ENVIRONMENTAL ETHICS AND THE RATIONAL MORAL STATUS OF NON-HUMAN NATURAL PHENOMENON
The survival of the human being, known as a conscious being, is dependent on the healthy interaction and interrelationship of a range of living and non-living species, empirical and supra-empirical facts in the Universe. Various interactions need the coexistence of these realities. As a result, the human being thinks he has no direct moral responsibilities to non-rational, non-human nature; only rational beings, as Kant says, are worthy of moral consideration. This will be argued to be overly anthropocentric, excluding the non-human natural world from the realm of moral consideration. Given that non-human nature is, to some extent, instrumentally beneficial, to some unavoidable existential and ontological thought,
This study, on the other hand, attempts to assert that moral duties should be extended to the natural world in order to attain comprehensive environmental sustainability.
From antiquity, primordial man, faced with the challenge of existence on the face of the planet, produced tools for labour with his strong survival instinct. He had controlled nature, therefore he was worried about how to be a ruler and maintain his dignity. This was back in the day. Currently, ours is the only way for mankind to completely eliminate drudgery and restore comfort, even if it comes at the price of other living and even non-living beings.
As a result, the emphasis of this work is to speak to conscious beings’ consciences about how they should connect to and interact with non-human phenomena in order to promote and maintain the cosmic environment.
Theories of environmental sustainability:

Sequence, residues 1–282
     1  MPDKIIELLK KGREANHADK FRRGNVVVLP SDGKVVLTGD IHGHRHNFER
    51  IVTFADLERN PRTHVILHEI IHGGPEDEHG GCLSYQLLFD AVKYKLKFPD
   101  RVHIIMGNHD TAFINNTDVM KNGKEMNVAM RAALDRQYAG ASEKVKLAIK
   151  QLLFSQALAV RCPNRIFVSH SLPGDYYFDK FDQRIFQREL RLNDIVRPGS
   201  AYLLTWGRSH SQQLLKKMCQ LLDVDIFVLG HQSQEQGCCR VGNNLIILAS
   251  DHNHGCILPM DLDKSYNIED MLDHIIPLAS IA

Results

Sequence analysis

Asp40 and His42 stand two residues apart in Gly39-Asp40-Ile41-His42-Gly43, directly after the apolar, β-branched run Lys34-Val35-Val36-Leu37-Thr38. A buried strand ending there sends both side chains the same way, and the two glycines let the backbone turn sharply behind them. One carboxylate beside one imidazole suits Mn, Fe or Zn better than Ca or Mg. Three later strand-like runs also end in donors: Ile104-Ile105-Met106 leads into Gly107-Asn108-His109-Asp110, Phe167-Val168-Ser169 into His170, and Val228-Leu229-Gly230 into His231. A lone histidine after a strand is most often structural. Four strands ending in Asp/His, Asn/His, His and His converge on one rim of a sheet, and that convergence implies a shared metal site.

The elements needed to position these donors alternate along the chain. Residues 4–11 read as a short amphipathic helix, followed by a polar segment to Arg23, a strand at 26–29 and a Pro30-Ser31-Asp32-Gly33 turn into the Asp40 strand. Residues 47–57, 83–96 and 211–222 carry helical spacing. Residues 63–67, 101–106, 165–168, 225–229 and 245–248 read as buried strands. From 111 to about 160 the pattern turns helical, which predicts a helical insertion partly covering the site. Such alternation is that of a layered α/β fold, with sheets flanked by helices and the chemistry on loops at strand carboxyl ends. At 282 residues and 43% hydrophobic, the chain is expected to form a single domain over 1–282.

(Bioregionalism and Social Ecology)
This theory is proposed by Bookchin’s version of critical theory, which considers the outer physical world to be what he refers to as “primary nature.” This theory is a social movement, and the issues it governs are social problems. Bookchin proposed that people might choose to serve natural evolution by preserving complexity and diversity, alleviating suffering, and reducing pollution.
According to Bookchin’s social ecology, people should employ their endowments of sociability, communication, and intelligence as if they were “nature made conscious” rather than turning them against the same source and origin from which such gifts emanate. Nature’s exploitation should be replaced with a more prosperous way of life oriented to the protection of nature.
Mufford took a regionalist stance, stating that strong regional cultural centres form the foundation of vibrant and solidly based local life. He was concerned, like the pessimist in critical theory, about the formation of a mega machine under industrialised capitalism, one that would oppress and rule human creativity and work in an uncontrollable manner while being a human product.LEWIS MUMFORD, 1944, P403
In his foundational work, Kant articulates the kinds of imperatives that should define our moral conduct. As humans struggle with internal moral conflicts between reason and appetites, the temptation to disregard moral laws and follow the dictates of our irrational impulses may be extremely seductive and powerful. As a result, all moral laws are presented to us as imperatives. Our moral responsibilities or obligations can be expressed in the language of imperatives or commandments.
Kant distinguished two types of imperatives: hypothetical imperatives and categorical imperatives.
Hypothetical imperatives are presented to us in the form of a conditional statement, such as “if you want to attain objective X, you must execute act Y.” Because they must be based on something, hypothetical imperatives are neither absolute nor universal moral principles.